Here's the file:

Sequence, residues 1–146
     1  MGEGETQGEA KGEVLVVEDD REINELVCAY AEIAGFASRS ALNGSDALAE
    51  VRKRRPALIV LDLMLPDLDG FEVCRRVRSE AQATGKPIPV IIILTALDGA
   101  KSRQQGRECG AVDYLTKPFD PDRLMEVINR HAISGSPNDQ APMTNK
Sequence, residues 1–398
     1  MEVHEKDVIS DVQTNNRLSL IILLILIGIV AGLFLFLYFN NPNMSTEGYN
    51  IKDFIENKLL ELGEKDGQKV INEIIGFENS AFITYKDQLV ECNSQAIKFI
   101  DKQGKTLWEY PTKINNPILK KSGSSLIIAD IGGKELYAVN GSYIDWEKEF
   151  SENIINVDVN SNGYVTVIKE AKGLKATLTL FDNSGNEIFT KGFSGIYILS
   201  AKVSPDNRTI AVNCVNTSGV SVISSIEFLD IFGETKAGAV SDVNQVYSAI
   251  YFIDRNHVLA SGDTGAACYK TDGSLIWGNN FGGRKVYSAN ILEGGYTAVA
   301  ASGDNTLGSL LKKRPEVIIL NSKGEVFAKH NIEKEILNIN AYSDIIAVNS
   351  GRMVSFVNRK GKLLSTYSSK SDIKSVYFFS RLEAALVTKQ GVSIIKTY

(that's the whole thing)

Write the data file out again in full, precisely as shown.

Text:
Sequence, residues 1–146
     1  MGEGETQGEA KGEVLVVEDD REINELVCAY AEIAGFASRS ALNGSDALAE
    51  VRKRRPALIV LDLMLPDLDG FEVCRRVRSE AQATGKPIPV IIILTALDGA
   101  KSRQQGRECG AVDYLTKPFD PDRLMEVINR HAISGSPNDQ APMTNK
Sequence, residues 1–398
     1  MEVHEKDVIS DVQTNNRLSL IILLILIGIV AGLFLFLYFN NPNMSTEGYN
    51  IKDFIENKLL ELGEKDGQKV INEIIGFENS AFITYKDQLV ECNSQAIKFI
   101  DKQGKTLWEY PTKINNPILK KSGSSLIIAD IGGKELYAVN GSYIDWEKEF
   151  SENIINVDVN SNGYVTVIKE AKGLKATLTL FDNSGNEIFT KGFSGIYILS
   201  AKVSPDNRTI AVNCVNTSGV SVISSIEFLD IFGETKAGAV SDVNQVYSAI
   251  YFIDRNHVLA SGDTGAACYK TDGSLIWGNN FGGRKVYSAN ILEGGYTAVA
   301  ASGDNTLGSL LKKRPEVIIL NSKGEVFAKH NIEKEILNIN AYSDIIAVNS
   351  GRMVSFVNRK GKLLSTYSSK SDIKSVYFFS RLEAALVTKQ GVSIIKTY